I think I spend more time debugging code than writing code, designing software architecture, trying to reproduce bugs and even going to meetings! Debugging is the biggest time consumer we have as developers.
As time goes by, I keep learning new tricks that make my debugging more effective. I’ve gathered in this post 7 debugging techniques that I learned relatively late into my career and I consider advanced (though sometimes something advanced for some is trivial for others). Enjoy and I hope you learn something new!
In my previous company, we experienced a reoccurring nightmare. It went something like this:
New critical bug arrived from QA:
Program suddenly crashed. Reproduces 1 / 10 times. Reproduce steps – unclear.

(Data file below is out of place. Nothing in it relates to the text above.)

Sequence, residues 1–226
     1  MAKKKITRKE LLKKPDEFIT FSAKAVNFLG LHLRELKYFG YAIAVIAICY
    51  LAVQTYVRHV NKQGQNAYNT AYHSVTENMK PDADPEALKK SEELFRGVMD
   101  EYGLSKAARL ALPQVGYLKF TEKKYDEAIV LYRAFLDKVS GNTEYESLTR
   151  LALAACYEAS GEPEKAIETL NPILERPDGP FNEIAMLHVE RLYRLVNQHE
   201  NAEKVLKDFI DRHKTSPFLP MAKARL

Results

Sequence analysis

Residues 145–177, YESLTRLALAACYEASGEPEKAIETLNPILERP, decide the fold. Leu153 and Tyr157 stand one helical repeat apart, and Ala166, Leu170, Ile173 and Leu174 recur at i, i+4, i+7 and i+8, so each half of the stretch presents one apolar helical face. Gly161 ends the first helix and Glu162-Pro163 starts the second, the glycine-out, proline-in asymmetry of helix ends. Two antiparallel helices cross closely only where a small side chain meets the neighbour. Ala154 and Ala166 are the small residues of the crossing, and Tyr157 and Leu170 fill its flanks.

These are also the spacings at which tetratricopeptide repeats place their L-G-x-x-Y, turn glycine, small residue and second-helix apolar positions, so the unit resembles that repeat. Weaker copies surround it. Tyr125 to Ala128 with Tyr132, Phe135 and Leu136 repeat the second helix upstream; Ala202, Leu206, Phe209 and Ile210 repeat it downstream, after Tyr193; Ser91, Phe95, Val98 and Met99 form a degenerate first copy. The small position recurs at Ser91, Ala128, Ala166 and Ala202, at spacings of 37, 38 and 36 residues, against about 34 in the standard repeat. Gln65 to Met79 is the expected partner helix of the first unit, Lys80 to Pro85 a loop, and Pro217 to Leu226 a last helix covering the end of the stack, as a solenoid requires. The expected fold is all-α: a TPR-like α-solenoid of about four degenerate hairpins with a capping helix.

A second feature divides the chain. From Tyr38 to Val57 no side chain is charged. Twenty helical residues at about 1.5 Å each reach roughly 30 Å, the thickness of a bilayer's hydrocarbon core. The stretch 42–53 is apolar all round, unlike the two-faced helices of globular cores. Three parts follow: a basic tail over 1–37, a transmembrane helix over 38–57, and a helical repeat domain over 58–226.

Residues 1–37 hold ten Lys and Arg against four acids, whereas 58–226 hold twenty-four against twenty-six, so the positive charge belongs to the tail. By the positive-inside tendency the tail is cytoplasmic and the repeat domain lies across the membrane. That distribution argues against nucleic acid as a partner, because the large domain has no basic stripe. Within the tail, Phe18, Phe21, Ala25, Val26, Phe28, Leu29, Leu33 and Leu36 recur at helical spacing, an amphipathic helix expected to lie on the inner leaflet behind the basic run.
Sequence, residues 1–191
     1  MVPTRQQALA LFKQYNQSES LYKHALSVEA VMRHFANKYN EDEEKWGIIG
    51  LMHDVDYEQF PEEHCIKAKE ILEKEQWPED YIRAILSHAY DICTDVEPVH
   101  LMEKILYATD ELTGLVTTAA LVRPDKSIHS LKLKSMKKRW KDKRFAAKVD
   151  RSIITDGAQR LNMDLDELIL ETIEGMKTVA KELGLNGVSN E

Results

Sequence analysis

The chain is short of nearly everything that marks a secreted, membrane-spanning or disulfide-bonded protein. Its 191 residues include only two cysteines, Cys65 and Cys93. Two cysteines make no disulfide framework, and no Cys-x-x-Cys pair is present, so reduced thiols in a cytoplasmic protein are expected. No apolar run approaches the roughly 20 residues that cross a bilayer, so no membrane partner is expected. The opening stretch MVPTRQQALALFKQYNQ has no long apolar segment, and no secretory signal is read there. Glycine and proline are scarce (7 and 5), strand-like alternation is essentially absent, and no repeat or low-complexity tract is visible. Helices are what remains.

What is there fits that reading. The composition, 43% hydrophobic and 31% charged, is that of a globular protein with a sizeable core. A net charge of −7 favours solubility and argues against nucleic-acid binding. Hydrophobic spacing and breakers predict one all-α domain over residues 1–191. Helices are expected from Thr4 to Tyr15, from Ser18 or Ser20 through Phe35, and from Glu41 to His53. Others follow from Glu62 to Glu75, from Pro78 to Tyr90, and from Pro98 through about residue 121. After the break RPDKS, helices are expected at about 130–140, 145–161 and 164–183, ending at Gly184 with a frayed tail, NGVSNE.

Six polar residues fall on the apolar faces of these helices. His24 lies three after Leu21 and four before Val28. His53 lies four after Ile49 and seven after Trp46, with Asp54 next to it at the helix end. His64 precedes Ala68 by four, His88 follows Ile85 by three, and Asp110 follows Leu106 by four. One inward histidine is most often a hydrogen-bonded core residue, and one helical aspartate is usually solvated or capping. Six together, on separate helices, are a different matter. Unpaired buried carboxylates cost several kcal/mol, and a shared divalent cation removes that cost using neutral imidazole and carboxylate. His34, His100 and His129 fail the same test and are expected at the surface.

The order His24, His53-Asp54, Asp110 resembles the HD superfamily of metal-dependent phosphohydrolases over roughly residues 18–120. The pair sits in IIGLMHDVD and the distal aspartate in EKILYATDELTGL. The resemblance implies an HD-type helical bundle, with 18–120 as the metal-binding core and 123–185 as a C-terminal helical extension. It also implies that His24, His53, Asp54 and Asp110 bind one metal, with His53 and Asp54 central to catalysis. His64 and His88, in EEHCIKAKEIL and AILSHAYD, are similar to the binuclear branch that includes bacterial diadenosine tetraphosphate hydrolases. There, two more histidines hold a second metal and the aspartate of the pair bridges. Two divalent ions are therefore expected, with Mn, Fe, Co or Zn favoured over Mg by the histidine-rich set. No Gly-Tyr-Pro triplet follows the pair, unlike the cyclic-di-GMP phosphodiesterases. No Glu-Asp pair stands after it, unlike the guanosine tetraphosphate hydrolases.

The development team, after realizing they are unable to reproduce the bug on their development machine would claim the bug doesn’t reproduce, moving the ticket back to QA.
In return, the QA team reproduced the bug, moving the ticket back to dev.
Then, the development team would claim another layer of the code caused the bug, moving the ticket to a second development team maintaining that code.
The second development team, with spite, would find an obscure line of code in the log file proving the bug is actually not in their layer of code, moving the ticket to the original dev team.
This would go on until either the development team succeeded in moving the bug to backlog or, in rare cases and by sheer luck, the development team was able to solve the bug.
In our defense, all the coders who originally built the system were long gone, the application was huge and complicated.
I guess not much of an excuse but eventually we learned some tricks to help us solve those pesky crash bugs.
Well, some developers learned. Others kept claiming the bug doesn’t reproduce 🙂
Introducing our bag of tricks: